dinsdag 30 oktober 2012

Halloween? Hello Folklore

With Halloween coming up, what better manner to start off with a new blog post than with the subject of folkloric traditions in novels, world-building and so on?
Whereas a lot of people see Halloween as a repulsive commercial feast brought over by American multinationals, the origins lie in the early pagan rituals which were subsequently inherited by the Christians as the day before All Saints to appease to the new converts.

"The Headless Horseman Pursuing Ichabod Crane" by John Quido
Adding folklore, other stories throughout your own, for world-building or other purposes, means adding flavour to your atmosphere. It can be a break from the story, to deepen a location, custom, day of the year for your characters or can function as an important plot point. Is it a poem recited by a bard about some location, is it a symbol characters make before going on a great adventure, is it the reason for a truce and maybe the end of a great war? Who knows, but folklore can be .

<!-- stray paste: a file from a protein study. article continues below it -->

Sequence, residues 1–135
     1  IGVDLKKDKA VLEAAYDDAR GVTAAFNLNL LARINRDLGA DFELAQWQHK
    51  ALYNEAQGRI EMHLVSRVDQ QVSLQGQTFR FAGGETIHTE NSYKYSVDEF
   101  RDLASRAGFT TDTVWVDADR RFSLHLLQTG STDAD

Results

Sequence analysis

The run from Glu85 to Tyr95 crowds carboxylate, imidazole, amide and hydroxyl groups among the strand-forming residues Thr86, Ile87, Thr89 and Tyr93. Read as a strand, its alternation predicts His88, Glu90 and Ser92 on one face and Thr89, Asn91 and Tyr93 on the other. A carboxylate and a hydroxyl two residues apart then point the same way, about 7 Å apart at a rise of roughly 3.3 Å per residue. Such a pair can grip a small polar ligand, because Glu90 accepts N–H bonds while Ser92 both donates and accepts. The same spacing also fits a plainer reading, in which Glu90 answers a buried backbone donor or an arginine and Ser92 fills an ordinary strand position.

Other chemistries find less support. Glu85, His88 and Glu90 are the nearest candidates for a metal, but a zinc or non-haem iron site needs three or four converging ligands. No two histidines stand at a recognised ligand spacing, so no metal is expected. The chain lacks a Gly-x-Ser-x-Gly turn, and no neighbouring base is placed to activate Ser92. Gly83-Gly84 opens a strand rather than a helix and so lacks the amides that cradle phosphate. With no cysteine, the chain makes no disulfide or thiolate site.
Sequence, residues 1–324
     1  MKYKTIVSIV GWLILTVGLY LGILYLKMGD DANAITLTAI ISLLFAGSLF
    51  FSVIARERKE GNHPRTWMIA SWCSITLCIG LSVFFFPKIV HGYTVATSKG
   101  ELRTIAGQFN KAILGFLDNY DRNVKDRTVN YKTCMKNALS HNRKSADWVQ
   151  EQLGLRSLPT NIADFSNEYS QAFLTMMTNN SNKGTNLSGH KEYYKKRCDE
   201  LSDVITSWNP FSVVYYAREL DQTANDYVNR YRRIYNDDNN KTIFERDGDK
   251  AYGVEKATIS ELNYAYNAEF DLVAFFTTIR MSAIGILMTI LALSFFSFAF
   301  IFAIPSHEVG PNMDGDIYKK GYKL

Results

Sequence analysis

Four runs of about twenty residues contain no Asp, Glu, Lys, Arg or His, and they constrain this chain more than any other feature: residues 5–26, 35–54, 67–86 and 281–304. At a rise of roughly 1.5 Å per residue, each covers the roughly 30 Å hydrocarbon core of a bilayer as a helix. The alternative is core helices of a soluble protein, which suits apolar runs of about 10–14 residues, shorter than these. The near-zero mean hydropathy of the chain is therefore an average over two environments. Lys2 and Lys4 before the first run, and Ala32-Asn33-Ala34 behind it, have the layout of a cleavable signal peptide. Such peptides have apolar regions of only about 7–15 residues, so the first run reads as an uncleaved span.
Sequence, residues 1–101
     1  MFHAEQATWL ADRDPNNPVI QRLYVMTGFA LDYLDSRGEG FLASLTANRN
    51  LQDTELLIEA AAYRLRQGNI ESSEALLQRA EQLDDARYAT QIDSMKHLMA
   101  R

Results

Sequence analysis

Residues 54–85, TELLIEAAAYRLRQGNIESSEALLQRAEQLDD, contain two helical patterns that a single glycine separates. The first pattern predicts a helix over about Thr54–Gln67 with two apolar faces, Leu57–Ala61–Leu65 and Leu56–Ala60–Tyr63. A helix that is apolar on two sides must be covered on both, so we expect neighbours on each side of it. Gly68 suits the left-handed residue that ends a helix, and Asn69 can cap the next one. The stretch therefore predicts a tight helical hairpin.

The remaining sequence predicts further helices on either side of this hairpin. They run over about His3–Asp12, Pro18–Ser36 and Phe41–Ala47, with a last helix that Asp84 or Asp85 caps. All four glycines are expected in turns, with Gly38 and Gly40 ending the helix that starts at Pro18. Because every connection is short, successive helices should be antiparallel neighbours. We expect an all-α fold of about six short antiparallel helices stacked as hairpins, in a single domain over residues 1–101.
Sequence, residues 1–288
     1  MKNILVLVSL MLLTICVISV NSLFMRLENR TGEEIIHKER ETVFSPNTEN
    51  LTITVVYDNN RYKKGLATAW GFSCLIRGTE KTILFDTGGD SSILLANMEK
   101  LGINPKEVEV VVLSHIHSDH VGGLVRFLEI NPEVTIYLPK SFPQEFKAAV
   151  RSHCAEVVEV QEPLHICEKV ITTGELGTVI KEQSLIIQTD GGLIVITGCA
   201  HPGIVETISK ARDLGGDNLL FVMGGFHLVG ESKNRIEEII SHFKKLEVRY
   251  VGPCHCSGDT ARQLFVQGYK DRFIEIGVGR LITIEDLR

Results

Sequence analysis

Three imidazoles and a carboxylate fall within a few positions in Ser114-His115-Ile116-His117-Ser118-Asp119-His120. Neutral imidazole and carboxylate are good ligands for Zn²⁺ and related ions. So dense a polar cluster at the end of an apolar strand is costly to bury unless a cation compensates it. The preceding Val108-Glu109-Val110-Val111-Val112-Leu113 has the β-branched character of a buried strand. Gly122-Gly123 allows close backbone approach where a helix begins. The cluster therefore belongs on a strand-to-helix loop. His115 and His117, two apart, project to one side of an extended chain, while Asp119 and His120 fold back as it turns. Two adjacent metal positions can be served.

The most important thing before you start designing folklore is knowing your own. For people wanting to read up on the world's folklore, I suggest checking out http://worldoftales.com/ which contains a lot of folk tales, fairy tales and fables from all over the world. For more specific stories from your neighbourhood, the library or older people are your main source of information of course.

If your story is set in the real world or a different version of our world, keep in mind that folklore is publicly available and you can use it in your project freely (as long as you don't claim to have invented it). For those that want to write their own, try studying "real" folklore to get a feel for the writing style and meanings therein. Folklore can range from superstition to a construction of complex and multi-layered meanings.

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